# ECE 209: Circuits and Electronics Laboratory

Review of Circuits as LTI Systems∗

Math Background: ODE’s, LTI Systems, and Laplace Transforms
Engineers must have analytical machinery to understand how systems change over time. For example, springs and dampers in car suspension systems absorb kinetic energy after road disturbances and dissipate the energy gently over time. Electronic ﬁlters protect circuits from large input transients in a similar way. Hence, engineers need to know how to choose components in dynamical systems. LTI Systems and ODEs: The motion of many physical systems can be modeled knowing only a few of its derivatives. For example, a car’s position over time can be described well knowing its velocity or acceleration. So we focus on the linear time-invariant (LTI) system x(t) LTI System y(t)

which has input x(t) (e.g., height of terrain under the car) and output y(t) (e.g., height of passenger’s seat). By our assumption that all we need are a few derivatives of the input and the output, then a typical ordinary diﬀerential equation (ODE) that might model such a system is y ′′ + 3y ′ + 2y = x′′ − x (1)

where y ′ and y ′′ are the ﬁrst and second derivatives of signal y(t). Given a known input x(t), we would like to integrate this diﬀerential equation to ﬁnd an expression of y(t) that is only in terms of t. Then we can see how to adjust our design parameters so that y(t) has a desirable shape (e.g., even with a bumpy x(t) road surface, the car seat y(t) stays in one place). So we need a convenient way to solve this diﬀerential equation. Linear Decomposition: Assume that x can be broken into two parts so that x(t) = x1 (t) + x2 (t). By inspection, if I can solve Equation (1) for the response y1 to x1 alone and the response y2 to x2 alone, then the response y to x would be y1 + y2 . Further, imagine that I could ﬁnd a set of functions such that: • When a function in the set is an input to Equation (1), the output is simple to ﬁnd. • Every useful input x(t) can be expressed as a sum (or integral) of functions from this set. In this case, solving ODE’s like Equation (1) would be trivial. Before even knowing the input x, I could ﬁnd the solution to the ODE for every function in this special set. Then when I ﬁnally do know my input, I just sum up the relevant prototypical solutions. Consider a complex exponential function f (t) Aest where s σ +jω is a complex number with real part σ and imaginary part ω, and A is also a complex number. Just as with a purely real exponential function, f ′ (t) = sAest = sf (t) and f (t) dt = 1 st 1 Ae = f (t). s s (2)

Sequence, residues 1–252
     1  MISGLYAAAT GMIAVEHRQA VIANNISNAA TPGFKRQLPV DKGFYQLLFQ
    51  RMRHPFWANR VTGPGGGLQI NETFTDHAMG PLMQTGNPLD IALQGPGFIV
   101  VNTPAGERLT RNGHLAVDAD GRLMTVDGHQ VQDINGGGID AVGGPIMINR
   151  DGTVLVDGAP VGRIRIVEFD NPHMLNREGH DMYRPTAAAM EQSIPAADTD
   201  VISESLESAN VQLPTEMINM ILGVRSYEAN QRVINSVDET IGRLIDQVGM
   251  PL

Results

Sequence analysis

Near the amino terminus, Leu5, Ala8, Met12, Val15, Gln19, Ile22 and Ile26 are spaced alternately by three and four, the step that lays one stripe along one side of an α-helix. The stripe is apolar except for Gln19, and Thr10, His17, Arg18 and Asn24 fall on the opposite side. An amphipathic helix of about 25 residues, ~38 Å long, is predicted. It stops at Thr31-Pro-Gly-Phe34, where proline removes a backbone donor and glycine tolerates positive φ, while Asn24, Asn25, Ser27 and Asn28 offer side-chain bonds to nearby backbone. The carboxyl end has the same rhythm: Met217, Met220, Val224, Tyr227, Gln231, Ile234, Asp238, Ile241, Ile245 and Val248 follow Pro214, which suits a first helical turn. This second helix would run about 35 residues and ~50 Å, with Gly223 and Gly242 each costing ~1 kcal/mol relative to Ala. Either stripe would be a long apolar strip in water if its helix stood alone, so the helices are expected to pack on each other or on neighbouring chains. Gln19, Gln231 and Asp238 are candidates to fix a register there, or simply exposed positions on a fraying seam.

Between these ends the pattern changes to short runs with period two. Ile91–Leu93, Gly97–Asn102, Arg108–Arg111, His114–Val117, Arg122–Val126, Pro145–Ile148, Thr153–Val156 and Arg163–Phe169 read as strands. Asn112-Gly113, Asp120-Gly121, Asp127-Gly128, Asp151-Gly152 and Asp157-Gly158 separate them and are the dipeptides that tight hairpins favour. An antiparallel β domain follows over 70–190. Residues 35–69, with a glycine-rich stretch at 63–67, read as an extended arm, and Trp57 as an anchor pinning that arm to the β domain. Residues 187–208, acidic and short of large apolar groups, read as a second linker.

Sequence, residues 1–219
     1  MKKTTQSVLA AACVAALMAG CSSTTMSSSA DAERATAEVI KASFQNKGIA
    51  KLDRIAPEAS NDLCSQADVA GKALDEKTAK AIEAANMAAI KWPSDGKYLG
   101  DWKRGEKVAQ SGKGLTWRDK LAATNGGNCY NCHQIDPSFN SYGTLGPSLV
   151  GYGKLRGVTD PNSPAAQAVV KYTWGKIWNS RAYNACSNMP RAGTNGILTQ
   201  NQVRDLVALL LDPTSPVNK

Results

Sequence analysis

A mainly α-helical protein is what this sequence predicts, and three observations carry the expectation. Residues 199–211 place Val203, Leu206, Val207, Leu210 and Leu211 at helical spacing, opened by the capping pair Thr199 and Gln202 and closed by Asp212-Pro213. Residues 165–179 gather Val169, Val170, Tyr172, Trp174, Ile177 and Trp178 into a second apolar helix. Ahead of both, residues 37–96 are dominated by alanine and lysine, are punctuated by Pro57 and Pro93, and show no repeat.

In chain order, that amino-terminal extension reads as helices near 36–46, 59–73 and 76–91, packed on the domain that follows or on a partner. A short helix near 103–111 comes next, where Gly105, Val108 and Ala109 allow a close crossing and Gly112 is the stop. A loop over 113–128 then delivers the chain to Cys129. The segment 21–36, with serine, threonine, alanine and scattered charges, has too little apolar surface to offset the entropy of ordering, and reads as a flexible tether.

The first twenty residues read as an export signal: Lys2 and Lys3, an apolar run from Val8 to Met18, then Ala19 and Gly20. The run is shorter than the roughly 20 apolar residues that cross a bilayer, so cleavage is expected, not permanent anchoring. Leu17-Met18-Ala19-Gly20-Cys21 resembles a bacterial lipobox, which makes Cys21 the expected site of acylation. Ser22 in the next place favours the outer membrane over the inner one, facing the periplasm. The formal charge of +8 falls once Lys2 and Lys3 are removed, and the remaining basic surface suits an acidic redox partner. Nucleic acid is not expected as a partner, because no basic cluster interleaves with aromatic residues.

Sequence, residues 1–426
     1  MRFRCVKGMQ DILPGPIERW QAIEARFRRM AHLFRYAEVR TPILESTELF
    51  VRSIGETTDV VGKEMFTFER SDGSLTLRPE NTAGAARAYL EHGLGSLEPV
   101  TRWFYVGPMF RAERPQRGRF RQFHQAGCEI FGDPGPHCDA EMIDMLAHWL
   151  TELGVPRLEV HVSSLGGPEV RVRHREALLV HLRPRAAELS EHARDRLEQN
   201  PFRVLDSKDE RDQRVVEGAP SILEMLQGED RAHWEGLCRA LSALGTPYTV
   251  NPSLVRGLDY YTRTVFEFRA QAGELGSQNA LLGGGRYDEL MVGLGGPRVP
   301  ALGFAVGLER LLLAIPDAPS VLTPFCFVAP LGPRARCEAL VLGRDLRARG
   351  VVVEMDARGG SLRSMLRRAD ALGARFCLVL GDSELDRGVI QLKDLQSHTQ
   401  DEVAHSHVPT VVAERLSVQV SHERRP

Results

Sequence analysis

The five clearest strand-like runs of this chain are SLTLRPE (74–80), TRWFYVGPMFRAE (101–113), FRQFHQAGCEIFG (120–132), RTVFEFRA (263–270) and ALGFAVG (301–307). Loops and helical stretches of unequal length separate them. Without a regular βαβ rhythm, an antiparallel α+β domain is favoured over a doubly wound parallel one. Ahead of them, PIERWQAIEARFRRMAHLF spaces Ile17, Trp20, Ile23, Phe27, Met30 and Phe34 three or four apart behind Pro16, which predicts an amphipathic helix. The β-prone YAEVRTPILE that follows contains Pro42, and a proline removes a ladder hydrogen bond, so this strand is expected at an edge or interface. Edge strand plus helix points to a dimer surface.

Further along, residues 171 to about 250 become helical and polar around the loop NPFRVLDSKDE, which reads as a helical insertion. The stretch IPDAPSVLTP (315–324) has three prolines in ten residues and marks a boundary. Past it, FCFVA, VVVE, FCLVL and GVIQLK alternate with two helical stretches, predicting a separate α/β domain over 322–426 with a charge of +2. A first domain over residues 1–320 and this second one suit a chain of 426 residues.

That is, for an exponential (e.g., Aest ), diﬀerentiation is identical to multiplication by s and integration is identical to division by s. So complex exponentials turn ODE calculus (i.e., df /dt and f dt) into simple algebra (i.e., sf and f /s). Moreover, this property holds when s is purely real or complex. Stability and the Characteristic Response: Because every x(t) = x(t) + 0, then the zero-input case is important to us, and we should handle it ﬁrst. These zero-input eﬀects will be a part of every solution regardless of the input, and so the output trajectory for zero input is called the characteristic or intrinsic or transient response of the system. We will assume that this output is made up of complex exponentials, and so we let y(t) Aest and x(t) 0, which turns Equation (1) into Aest s2 + 3s + 2 = 0, (3)

and so we must solve for values of s that make this equation true. Fortunately, |Aest | = 0 for all s, and so the roots of the characteristic polynomial s2 + 3s + 2, s = −1
∗ Document

and

s = −2,

(4)

from http://www.tedpavlic.com/teaching/osu/ece209/. Source code at http://hg.tedpavlic.com/ece209/.